In our first years, plays were developed through a mixture of documentary and studio approaches that resulted in physically rigorous, fairly presentational events with public dialogue components. In 2001, Sojourn Theatre and the Council for the Arts in Lima, Ohio was chosen to be one of 32 National Animating Democracy Lab Projects. For two years, Sojourn worked with Lima, Ohio’s City, County and State legislators to develop a County-wide process that engaged community members and leaders in ongoing dialogue about community identified difficulties surrounding local race and class issues. The project culminated in a production (Passing Glances), a well-attended community convening and action committees that worked together for years following.
Five years in, site-based work and participation became more a part of our process; our work visibly took on more elements of conscious spectacle while simultaneously engaging in community research that moved beyond interviews into the territory of workshops, installations and public encounters. In 2003- 2005, in partnership with the Oregon Department of Education, universities around the state, high schools in 4 towns and the Oregon Historical Society, Sojourn Theatre created Witness Our Schools, a poetic documentary about the state of public education in America, and Oregon in particular. Every free performance was followed by a town hall meeting attended by audiences and local political leaders; facilitated by the company and utilizing small group discussion, improvisation and values clarification work, the sessions grew in scope and scale by the end of the tour, the show had been invited to perform on the floor of the state legislature at the Capitol as well as share its dialogue findings.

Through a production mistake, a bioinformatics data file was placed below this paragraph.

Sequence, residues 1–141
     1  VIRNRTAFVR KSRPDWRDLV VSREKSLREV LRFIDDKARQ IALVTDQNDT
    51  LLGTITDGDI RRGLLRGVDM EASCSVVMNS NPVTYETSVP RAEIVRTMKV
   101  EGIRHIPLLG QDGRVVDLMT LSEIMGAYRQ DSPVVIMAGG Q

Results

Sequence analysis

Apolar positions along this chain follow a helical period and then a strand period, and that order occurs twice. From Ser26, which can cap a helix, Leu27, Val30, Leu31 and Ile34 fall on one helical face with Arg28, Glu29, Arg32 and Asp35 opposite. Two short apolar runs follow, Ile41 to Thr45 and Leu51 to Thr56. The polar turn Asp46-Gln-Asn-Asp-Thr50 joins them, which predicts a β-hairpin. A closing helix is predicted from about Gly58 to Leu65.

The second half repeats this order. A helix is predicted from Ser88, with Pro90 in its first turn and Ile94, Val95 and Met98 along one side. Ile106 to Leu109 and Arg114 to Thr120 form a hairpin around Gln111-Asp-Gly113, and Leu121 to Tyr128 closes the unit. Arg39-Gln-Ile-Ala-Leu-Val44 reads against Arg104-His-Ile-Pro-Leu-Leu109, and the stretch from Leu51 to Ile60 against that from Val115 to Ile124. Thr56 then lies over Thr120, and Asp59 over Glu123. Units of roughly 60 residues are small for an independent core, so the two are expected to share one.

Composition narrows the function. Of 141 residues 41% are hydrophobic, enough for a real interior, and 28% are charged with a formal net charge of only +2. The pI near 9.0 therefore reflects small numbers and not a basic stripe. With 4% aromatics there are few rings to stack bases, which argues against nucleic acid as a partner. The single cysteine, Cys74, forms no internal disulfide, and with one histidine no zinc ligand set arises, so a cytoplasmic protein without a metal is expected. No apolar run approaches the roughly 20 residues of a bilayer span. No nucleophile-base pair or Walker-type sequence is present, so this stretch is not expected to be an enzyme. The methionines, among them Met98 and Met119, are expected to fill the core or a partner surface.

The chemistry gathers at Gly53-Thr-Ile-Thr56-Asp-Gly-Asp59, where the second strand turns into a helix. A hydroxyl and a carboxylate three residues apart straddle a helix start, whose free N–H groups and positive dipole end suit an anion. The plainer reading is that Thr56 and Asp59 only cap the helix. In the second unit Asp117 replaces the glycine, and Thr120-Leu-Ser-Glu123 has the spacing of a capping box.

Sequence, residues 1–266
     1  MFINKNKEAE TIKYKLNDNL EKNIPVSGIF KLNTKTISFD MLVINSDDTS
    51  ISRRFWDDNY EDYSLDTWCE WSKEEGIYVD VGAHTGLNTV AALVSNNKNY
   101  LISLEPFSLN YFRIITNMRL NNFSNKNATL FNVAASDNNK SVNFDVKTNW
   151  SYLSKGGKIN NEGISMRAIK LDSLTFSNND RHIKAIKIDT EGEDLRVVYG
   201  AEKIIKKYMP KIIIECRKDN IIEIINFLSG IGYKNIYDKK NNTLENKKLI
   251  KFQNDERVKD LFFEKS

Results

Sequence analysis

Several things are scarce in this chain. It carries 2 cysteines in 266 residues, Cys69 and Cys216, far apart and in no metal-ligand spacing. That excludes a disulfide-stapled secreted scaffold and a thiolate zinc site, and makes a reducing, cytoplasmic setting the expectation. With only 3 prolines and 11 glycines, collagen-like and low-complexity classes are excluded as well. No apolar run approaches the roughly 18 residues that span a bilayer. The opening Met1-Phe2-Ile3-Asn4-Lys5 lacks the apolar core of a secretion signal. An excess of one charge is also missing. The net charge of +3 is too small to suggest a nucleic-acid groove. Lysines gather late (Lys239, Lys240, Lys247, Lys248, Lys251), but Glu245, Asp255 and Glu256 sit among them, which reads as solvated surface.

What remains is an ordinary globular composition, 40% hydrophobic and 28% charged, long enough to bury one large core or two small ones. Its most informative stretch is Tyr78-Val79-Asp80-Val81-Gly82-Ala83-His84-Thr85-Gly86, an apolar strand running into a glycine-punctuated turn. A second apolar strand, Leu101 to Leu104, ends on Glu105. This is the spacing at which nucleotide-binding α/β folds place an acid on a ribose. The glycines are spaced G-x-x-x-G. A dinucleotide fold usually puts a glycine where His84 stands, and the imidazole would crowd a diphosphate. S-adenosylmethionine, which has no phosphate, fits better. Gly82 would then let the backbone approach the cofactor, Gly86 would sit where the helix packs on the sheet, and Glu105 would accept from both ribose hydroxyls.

Ten years in, our methods of making and our methods of production began to blur as processes became performance, and models of display became opportunities for exchange. On The Table welcomed one hundred people in two different cities fifty miles apart in Oregon, one urban and one rural, to see a story, take a bus ride, and have a meal together as wedding guests engaged in trying to save a marriage and heal a state.
Fifteen years in, we have become committed to a process that demands long periods of investigation, participation and experimentation. We need that process because our theatre explores a kind of drama that arises when we construct imaginative collisions between people, systems and art. Like when Finding Penelope takes audiences through a long term care facility to become immersed in an adaptation of The Odyssey told partly by men and women living with Alzheimer’s. Like when Islands of Milwaukee uses performance to bring homebound seniors and their caregivers into contact with a public often ignorant of their presence in neighborhoods. Like when, as Catholic Charities USA artists in residence 2012-2014, we send teams of three to six Sojourn ensemble members to 18 poverty reduction sites around the country, helping workers and clients use skills of story and collaboration to build more economically just, healthy communities.